WINNIPEG, CANADA - FEBRUARY 25: Nik Antropov #80 of the Winnipeg Jets keeps his eye on the puck as Jaroslav Halak #41 and Roman Polak #46 of the St. Louis Blues defend their net in NHL action at the MTS Centre on February 25, 2012 in Winnipeg, Manitoba, Canada. (Photo by Marianne Helm/Getty Images)
The Pilot's Logbook looks at the performances of regular Jets players over the course of 2011-12, primarily through time on-ice and Gabe's player performance charts.
The inaugural entry in our Pilot's Logbook will look at that polarizing beanpole, Nik Antropov. What to make of this guy? He never really had a solid place in the lineup, yet for an offensive guy we sure saddled him with a lot of shorthanded minutes. One thing was for sure: he wasn't going to get the kind of play and ice time that brought him a banner year in 2009-10 (76 GP, 24 G, 43 A, 67 PTS). So what kind of year did he have?
|GP||G||A||P||+/-||PIM||PPP||SHP||SOG||5v5 TOI/60 (Fwd Rk)||5v4 TOI||4v5 TOI|
|2011 - Nik Antropov||69||15||20||35||0||42||10||0||95||12.42 (7th)||1.95 (5th)||1.78 (2nd)|
That's pretty much the composition of a 3rd liner who's trusted on special teams. Not exactly what you want taking up $4 million in cap space, but TNSE didn't sign the contract. So, we see the full season's TOI figures, but how did that change over the course of the year?
As you can see, Antropov was never a top-line player at any of the 5v5, 5v4, and 4v5 situations, but he did his time. When things got a bit heavier late in the year, we saw a dip in his 5v5 and 5v4 TOI minutes, which suggests that Noel was not entirely sold that Antro was the guy to entrust with prime offensive opportunities. Now for the last question: how did he play with these minutes?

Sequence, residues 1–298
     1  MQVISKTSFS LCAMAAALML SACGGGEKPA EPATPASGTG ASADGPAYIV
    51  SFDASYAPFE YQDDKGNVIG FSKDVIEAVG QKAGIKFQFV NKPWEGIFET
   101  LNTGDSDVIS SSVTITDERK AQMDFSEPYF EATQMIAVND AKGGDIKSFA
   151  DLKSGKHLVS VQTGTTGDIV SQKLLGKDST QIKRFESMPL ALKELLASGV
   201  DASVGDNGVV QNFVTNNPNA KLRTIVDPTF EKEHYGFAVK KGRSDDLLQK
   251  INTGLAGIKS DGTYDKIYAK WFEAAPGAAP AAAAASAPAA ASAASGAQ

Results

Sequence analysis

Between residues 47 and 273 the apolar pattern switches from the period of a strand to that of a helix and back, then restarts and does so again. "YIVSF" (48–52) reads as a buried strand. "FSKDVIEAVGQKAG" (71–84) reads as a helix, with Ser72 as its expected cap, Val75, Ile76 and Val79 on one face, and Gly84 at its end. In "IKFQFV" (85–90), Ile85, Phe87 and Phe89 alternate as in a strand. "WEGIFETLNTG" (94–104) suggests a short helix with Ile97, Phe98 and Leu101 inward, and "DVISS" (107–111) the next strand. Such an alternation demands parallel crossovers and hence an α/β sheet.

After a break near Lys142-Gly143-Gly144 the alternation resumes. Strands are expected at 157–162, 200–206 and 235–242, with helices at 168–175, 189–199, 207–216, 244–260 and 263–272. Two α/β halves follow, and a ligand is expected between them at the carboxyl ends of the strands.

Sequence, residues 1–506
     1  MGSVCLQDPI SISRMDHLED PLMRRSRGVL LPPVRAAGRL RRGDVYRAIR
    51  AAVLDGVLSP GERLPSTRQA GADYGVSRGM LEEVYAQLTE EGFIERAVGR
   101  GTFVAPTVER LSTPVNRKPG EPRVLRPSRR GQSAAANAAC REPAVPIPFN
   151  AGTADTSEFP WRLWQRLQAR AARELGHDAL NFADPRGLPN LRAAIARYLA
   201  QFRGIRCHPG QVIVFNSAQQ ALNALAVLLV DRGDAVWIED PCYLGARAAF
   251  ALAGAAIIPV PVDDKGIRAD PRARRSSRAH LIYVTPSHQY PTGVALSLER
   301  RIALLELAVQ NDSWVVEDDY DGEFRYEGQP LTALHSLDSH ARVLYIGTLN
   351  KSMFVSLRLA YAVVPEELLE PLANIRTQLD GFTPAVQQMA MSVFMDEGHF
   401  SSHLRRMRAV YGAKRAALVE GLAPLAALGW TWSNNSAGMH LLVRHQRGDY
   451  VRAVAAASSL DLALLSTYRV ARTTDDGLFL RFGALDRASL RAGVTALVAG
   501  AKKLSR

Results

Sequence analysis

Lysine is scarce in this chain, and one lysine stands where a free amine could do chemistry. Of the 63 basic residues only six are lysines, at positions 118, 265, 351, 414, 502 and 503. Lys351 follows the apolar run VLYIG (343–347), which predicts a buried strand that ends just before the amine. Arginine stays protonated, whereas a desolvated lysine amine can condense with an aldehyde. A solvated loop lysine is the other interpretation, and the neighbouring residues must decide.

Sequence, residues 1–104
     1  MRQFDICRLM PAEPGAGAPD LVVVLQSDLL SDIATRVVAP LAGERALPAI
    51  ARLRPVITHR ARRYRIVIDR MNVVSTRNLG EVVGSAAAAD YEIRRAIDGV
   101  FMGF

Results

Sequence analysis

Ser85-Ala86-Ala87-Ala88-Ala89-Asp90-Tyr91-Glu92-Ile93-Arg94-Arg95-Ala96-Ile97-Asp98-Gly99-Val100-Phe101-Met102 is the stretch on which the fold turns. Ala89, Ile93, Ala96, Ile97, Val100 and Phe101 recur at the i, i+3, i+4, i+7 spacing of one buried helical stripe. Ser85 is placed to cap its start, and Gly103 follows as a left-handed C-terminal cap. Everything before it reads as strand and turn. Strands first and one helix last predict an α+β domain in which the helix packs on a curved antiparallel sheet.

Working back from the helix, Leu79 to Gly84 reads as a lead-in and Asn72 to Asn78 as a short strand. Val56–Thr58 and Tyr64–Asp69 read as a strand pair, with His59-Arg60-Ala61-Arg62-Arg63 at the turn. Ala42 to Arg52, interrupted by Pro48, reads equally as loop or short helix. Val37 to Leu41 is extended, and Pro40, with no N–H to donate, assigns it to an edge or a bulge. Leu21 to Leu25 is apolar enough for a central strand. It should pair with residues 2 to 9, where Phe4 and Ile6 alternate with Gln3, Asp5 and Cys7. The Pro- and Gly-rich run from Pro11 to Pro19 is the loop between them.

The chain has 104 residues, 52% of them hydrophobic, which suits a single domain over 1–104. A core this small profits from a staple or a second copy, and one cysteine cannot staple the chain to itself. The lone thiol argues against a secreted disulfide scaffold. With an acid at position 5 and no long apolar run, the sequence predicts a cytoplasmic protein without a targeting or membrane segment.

Pretty much what you'd expect from a middle-of-the-road forward, not an overtly plus player when the minutes were cushier, and gradually declining when time got a bit tougher.
Now, for each player I want to give them two grades for the year's performance, one for their performance given their ice time usage, and one for their performance as compared to their contract, So, for Nik Antropov:
Performance/Usage Grade: C+
Basically, he didn't wow me with anything, but his Fenwick stayed north of 50 even when he got bucked down with teammates who weren't top 6 guys.
Performance/Contract Grade: D-
Granted, the return that Waddell & Co. got in 2009-10 might've been worth closer to $3 to $3.5 million, but since then he's been nowhere close to that. The only thing keeping him out of F territory is that he's a little above a replacement (or minus) player.